5 Object toss

5.1 Introduction

Let’s keep improving our function toss(), but now changing its output in order to return an object of class "toss".

5.2 Motivation for object "toss"

So far we have a constructor function coin() (from chapter 3) and a toss() (from chapter 4) which actually corresponds to the toss method for objects of class "coin":

Let’s use toss() to flip a coin 10 times:

Having obtained several tosses, we can calculate things like:

  1. the total number of tosses
  2. the total number of heads
  3. the total number of tails

In general, when tossing a coin, we are not only interested in keeping track of such tosses; we would also like to know (or keep track of) the number of tosses, the number of heads, and the number of tails. Consequently, it would be nice to have another class of object for this purpose.

How do you know that you need this new object class?

Well, this is precisely an example that illustrates the process of programming in general, and OOP in particular. This kind of decisions require some (or sometimes “a lot” of) thinking, and brainstorming time. To be honest, while I was writing this book and playing with "coin" objects and their tosses, I decided that it would be convenient to have an object of class "toss" containing the following information:

  • all the outcomes from the series of tosses
  • the total number of tosses
  • the total number of heads
  • the total number of tails

The most flexible type of data structure in R to store other data structures is a list. Having a vector of tosses, we can use a list to keep all the desired information:

The idea is to be able to invoke toss(), and then obtain an object like the list a in the above code. But do it in such a way that the output is an object of class "toss".

5.2.1 Auxiliary Constructor

For convenience purposes, we can write an auxiliary constructor function, which I will call make_toss(). This function will take an input vector (i.e. a character vector with "heads" and "tails" elements), and it will return an object of class "toss":

This auxiliary function is not intended to be called by the user. Instead, it’s an internal function for auxiliary purposes.

5.3 Main Function toss()

Now that we have the auxiliary function make_toss(), we can integrate it inside the specific method toss.coin(). In this way, the function toss.coin() becomes the master function: the one designed to be called by the user:

This is how toss() works:

You may ask: “Why do we need a function make_toss(), and another function toss()?”. Can’t we just write a single function suppertoss() that does everything at once?:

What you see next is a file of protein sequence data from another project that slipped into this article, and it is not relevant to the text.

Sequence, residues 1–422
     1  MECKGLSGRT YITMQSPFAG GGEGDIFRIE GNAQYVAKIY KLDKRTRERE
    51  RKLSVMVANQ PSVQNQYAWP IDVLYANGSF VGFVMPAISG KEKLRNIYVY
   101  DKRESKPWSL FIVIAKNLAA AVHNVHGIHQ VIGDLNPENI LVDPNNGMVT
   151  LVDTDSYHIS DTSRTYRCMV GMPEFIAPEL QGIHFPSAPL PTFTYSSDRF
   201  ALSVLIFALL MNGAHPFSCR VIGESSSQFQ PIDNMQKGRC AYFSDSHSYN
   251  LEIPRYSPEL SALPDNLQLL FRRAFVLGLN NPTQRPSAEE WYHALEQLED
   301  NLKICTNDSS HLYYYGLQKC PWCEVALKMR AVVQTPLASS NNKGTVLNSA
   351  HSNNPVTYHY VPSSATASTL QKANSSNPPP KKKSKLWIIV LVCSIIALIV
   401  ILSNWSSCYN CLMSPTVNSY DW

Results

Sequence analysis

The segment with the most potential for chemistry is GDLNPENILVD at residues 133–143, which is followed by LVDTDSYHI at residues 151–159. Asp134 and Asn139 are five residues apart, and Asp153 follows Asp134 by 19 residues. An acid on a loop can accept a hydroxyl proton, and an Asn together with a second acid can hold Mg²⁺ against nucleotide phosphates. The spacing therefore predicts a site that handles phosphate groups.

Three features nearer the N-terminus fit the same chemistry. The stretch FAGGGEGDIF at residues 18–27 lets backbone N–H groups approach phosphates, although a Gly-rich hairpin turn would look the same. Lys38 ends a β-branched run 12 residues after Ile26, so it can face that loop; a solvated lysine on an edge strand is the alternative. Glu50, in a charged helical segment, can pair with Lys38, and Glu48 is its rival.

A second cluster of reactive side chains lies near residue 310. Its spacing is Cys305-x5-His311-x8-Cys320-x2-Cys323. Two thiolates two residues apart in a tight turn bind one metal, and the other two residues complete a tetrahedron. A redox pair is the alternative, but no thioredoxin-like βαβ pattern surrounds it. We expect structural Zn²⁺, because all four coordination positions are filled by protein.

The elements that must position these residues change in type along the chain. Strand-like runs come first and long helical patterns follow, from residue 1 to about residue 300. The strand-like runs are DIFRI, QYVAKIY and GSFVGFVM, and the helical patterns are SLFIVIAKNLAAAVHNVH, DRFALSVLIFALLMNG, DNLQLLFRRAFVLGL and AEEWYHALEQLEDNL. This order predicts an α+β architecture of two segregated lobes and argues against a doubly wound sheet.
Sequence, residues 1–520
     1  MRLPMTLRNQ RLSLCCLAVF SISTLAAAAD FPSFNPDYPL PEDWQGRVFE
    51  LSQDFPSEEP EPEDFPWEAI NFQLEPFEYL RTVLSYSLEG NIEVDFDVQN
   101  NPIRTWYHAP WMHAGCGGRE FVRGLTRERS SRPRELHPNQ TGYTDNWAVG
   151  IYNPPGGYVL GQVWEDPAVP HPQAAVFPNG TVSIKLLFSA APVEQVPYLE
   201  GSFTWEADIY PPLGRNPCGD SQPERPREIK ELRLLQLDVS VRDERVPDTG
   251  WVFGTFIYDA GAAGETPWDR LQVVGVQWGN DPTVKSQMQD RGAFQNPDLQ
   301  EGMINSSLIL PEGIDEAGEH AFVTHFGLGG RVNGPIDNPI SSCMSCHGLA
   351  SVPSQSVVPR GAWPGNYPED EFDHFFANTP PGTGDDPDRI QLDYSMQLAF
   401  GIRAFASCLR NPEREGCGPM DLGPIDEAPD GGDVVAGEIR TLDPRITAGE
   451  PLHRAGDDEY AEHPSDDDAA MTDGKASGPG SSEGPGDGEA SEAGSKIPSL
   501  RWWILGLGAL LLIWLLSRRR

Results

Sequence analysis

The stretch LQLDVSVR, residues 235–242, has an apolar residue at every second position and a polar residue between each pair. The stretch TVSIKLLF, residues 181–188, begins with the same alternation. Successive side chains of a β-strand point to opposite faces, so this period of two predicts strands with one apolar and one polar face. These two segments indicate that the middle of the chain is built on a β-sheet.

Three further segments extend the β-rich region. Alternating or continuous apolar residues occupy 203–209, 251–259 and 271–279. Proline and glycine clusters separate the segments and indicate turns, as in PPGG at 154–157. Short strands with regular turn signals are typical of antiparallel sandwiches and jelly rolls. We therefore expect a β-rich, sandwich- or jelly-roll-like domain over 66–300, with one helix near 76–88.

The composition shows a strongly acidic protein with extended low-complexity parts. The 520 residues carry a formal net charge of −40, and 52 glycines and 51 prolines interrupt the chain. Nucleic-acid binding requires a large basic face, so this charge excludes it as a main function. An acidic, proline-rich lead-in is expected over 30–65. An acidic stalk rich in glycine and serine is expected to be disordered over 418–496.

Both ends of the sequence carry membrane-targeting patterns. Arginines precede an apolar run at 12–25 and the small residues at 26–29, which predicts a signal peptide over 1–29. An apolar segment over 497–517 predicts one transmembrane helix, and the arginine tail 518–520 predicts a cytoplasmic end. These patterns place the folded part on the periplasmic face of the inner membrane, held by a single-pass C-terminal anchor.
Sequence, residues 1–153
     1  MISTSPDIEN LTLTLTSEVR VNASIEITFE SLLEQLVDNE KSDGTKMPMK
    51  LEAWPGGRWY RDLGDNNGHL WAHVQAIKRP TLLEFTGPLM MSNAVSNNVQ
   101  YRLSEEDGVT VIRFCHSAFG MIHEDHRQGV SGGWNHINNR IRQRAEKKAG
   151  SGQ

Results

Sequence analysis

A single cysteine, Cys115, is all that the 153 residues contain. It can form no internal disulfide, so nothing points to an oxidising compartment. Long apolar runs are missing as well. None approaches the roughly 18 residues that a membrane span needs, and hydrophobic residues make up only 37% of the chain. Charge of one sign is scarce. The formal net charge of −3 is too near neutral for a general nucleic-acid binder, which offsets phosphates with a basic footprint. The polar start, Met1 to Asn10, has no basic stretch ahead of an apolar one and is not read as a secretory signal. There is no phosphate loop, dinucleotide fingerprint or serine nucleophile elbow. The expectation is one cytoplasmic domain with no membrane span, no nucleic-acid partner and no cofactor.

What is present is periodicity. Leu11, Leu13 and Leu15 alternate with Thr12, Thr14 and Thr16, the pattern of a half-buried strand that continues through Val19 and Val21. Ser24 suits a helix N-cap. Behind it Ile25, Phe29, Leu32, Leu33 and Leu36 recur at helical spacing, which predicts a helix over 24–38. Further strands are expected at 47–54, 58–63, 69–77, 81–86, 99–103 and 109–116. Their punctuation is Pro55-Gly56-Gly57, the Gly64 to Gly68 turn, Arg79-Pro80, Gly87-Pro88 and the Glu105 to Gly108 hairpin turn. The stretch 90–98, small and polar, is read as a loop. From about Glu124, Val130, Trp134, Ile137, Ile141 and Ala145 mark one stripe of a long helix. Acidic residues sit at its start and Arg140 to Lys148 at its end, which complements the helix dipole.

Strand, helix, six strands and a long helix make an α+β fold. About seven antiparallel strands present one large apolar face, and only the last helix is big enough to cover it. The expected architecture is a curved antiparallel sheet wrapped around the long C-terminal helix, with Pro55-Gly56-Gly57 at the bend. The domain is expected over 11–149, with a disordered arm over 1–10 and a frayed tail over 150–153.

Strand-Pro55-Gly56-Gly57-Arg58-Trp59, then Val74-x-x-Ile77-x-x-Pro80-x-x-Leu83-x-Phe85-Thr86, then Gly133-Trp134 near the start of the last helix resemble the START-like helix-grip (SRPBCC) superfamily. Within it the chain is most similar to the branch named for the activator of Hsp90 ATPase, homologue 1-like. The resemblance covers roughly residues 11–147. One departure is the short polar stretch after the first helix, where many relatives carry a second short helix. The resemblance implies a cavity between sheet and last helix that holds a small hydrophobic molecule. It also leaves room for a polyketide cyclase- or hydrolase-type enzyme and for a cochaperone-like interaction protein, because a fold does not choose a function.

The short answer is: yes, you can. And probably this is what most beginners tend to do. The reason why I decided to break things down into simpler and smaller functions is because I went already through a couple of implementations, and realized that it was better to have the auxiliary function make_toss(). Also, it is good practice to write short functions that preferably do one thing.

Here’s a brief recap of the main functions we have so far:

  • coin() is a constructor function to create objects of class "coin".
  • toss() is a generic "toss" method.
  • make_toss() is an auxiliary function that takes a "coin" and a vector of flips, and which produces an object "toss".
  • toss.coin() is the specific "toss" method to be used on "coin" objects.
  • notice that make_toss() is called by toss.coin().

5.4 Upgrading toss()

Let’s consider our quarter coin, and apply toss() on it:

toss() is working as expected, and you can try it with different values for times. The only issue is that a distracted user could pass an unexpected value for the argument times:

R produces an error when times = -4, but it’s an error that may not be very helpful for the user. The error message clearly says that 'size' is an invalid argument, but toss() just has one argument: times.

To be more user friendly, among other reasons, it would be better to check whether times has a valid value. One way to do that is to include a conditional statement like the following one:

Once again, it is good practice to write short functions that preferably do one thing. In this case, we could define a checking function check_times() to make sure that times has a valid value:

Once check_times() has been defined, we can include it inside toss():

5.4.1 In Summary

The more you understand a problem (i.e. phenomenon, process), the better you will be prepared to design objects, and program their corresponding methods, auxiliary functions, classes, etc.

In my experience, you will very likely need to iterate several times with the creation of objects and functions for your code. At one iteration you will realize that you need to break down a given function into two ore more simpler functions. Sometimes you will see an opportunity to create a secondary function to check ceratin inputs. Likewise, you will identify situations when derived methods are needed to make your code more flexible and user friendly. Of course, like anything in this life, learning when all these components are needed takes a lot of time and practice.

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